Field Naturalist and Nature Writer

 

Welcome to Tanya Loos’s website! Featuring natural history writing on the beautiful flora and fauna of the Wombat Forest, Victoria and further afield, and science writing with a focus on ecology and biology.  You will also find practical advice on living with wildlife.

 

 

Daylesford Nature Diary

Six Seasons in the foothill forests

In 2013, I published a book!  This beautiful little publication has sold over 1000 copies. To purchase – click on the Add to Cart button under the picture of the cover or head over to my online store here.  Below are some reviews;

Praise for Daylesford Nature Diary
“The remarkable Tanya Loos has identified key indicator species for seasonal changes and described them in delightful prose and engaging photographs. Who can resist the appeal of the puggle, an early spring baby echidna indicator?”    

Alan Reid, OAM, environmental educator and author of Banksias & Bilbies.


Attractively produced and well-illustrated… the six seasons and their features are well-described. [The stories] are short and easy to read, covering all sorts of things an observant naturalist might come across: bats, wattles, ghost fungi, mosses, greenhoods, swifts, rosellas, echidnas, wood ducks and many more.”

Roger Thomas, Nature Notes, Ballarat Courier. 

“There is much to recommend in this charming and well-written book. The author takes an innovative approach and lays the chapters out according to the seasons of the local Indigenous peoples. The resulting accounts contextualise the wildlife in both space and time that harks back to such seminal natural history classics as eighteenth century naturalist Gilbert White’s The Natural History of Selborne.” 

Review in Australian Birdlife magazine. December 2013.

Latest news…

Monthly blog posts describing natural events in the Wombat Forest, ecological explorations, my recent published writings, book reviews and more…

Hoot Detective!

Hoot Detective!

The low impressive whoo-hoo of the Powerful Owl, the cheerful boo-book boo-book of the aptly named Southern Boobook - and the strange screech of the Barn Owl are the calls I have been lucky enough to hear around me locally. Now, by listening to short clips from...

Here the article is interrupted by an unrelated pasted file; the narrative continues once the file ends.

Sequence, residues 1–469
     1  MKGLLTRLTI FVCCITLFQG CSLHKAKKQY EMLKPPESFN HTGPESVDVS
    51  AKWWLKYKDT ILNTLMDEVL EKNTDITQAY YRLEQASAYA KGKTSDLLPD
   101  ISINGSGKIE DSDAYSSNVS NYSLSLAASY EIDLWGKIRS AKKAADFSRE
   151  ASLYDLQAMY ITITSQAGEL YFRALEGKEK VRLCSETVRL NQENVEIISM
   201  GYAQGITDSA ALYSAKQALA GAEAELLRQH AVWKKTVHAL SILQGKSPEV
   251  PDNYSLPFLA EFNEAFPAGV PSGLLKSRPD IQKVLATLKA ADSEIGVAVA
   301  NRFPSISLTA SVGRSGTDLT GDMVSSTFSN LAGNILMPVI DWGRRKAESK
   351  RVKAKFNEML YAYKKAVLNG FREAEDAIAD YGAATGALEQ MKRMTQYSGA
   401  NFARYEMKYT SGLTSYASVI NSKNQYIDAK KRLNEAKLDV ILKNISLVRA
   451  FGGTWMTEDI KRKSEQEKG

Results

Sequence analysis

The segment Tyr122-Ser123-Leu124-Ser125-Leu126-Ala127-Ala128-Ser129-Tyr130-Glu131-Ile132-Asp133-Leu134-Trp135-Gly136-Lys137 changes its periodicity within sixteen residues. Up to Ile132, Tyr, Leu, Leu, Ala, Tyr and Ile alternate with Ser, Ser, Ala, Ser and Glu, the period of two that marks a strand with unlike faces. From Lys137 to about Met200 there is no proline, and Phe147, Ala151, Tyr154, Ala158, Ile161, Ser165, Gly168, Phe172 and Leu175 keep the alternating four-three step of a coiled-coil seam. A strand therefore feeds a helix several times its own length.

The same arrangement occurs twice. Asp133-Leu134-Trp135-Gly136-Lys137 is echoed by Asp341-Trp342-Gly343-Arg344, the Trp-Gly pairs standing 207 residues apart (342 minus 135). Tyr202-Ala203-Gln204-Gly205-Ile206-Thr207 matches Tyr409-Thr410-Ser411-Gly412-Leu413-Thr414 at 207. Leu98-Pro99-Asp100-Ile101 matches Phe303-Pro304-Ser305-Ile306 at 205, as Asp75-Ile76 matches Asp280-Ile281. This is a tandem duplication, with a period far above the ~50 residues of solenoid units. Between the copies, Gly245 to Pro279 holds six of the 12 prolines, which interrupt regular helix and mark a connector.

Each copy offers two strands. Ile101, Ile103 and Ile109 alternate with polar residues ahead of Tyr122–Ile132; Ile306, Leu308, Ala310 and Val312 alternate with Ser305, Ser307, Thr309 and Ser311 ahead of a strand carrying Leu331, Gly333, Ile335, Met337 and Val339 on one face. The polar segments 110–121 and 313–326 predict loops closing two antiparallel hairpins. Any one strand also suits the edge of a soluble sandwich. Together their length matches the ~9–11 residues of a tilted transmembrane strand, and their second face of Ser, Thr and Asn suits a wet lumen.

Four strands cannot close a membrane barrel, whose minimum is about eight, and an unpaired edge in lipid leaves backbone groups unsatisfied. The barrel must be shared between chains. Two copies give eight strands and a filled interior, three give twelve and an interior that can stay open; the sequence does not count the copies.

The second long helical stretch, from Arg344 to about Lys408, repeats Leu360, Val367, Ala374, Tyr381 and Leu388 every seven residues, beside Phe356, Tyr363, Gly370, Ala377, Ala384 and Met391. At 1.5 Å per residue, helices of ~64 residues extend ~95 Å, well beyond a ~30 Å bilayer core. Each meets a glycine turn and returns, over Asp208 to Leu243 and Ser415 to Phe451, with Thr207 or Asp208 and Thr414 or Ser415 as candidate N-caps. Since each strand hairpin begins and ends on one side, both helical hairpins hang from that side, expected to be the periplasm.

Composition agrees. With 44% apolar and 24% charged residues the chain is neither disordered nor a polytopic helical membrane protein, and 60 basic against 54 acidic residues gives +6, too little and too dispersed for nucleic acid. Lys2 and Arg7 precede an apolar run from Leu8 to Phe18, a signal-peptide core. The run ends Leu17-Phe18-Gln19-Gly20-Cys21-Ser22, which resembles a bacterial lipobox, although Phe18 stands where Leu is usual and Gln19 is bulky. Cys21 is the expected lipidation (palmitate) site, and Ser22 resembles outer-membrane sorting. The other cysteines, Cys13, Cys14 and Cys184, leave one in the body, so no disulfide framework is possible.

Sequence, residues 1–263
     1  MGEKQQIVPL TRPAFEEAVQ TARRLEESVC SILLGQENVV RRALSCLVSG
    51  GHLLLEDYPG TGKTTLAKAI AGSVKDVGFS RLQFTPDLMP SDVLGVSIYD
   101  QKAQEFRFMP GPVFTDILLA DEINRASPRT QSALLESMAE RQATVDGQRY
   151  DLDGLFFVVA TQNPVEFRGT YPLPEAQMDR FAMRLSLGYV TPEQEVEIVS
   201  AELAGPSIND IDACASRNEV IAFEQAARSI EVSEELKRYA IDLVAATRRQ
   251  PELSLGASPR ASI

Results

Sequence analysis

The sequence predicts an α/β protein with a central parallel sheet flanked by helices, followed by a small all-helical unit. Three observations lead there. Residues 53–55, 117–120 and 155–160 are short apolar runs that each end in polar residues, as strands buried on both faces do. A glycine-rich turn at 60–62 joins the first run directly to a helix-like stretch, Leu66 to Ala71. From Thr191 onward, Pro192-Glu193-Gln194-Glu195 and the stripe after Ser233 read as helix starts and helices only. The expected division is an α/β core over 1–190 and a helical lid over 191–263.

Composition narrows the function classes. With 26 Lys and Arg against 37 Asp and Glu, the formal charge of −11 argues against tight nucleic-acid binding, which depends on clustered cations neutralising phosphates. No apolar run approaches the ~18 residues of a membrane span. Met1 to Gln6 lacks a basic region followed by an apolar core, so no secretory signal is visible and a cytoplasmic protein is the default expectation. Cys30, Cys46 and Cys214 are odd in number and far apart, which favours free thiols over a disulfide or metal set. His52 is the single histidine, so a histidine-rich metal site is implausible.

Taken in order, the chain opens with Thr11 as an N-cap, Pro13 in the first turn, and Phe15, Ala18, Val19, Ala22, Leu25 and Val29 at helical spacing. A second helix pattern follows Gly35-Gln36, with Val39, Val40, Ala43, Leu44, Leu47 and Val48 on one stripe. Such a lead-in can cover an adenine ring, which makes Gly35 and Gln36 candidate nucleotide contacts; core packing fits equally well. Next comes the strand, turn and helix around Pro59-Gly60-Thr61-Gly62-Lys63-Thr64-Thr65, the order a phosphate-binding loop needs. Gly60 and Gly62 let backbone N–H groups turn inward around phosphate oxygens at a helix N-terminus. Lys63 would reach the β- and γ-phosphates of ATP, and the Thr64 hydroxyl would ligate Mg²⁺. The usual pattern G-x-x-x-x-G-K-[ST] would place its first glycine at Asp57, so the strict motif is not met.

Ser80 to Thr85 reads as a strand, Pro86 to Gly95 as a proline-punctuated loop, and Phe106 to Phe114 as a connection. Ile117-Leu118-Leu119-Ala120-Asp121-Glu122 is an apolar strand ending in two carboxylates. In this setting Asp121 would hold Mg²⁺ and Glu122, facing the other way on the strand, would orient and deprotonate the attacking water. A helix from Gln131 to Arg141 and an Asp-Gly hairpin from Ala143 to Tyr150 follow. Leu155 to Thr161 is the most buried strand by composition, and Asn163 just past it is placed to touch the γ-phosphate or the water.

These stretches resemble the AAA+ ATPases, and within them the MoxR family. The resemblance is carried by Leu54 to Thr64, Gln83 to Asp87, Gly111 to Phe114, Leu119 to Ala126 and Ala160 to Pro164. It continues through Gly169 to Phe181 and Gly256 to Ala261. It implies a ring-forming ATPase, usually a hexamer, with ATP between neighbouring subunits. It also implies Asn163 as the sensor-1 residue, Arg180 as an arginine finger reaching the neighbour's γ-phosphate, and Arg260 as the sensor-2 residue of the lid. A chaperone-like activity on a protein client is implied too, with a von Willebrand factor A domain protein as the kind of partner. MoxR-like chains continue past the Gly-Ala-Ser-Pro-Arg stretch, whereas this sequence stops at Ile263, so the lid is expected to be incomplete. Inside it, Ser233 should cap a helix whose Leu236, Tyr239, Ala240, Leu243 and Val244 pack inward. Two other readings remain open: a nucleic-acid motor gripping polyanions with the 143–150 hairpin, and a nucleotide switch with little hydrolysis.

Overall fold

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Close encounter with Tawny

Close encounter with Tawny

The question I am most frequently asked is “I have found a bird that seems to be hurt – what should I do?” It is always the same answer – capture the bird using a tea towel or towel, and place into an appropriately sized cardboard box. Then pop the box in a quiet room...

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The bushfire crisis: how to help

The bushfire crisis: how to help

The internet and social media is awash with hundreds of ways to held wildlife and humans in this bushfire crisis, this time of climate emergency. This post is a summary, while by no means exhaustive, hopefully it will help guide you. I will be adding to it! I have...

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When eagles get frisky

When eagles get frisky

Nature Diary has a new home! After ten years, and increasing frustration with the Advocate, I am now being published in the Local, edited by Donna Kelly. Donna and Kyle have been wonderfully welcoming, and this article about eagles looks just great in this week's...

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A science journalist is born!

A science journalist is born!

A dramatic title, yes - but it feels that way! Since January this year, I have written a total of 26 articles for Cosmos Magazine! That's between 4-7 per month, and a total of 12, 422 words ( not including the June articles).  And whilst continuing my commitment of...

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Fine fungi season underway

Fine fungi season underway

In May and June, if there is enough rain, our gardens and local bushland are peppered with forms quite strange and wonderful – the sexual apparatus or fruiting bodies of fungi. Fungi are designated their own Kingdom, and their DNA is actually closer to animals than to...

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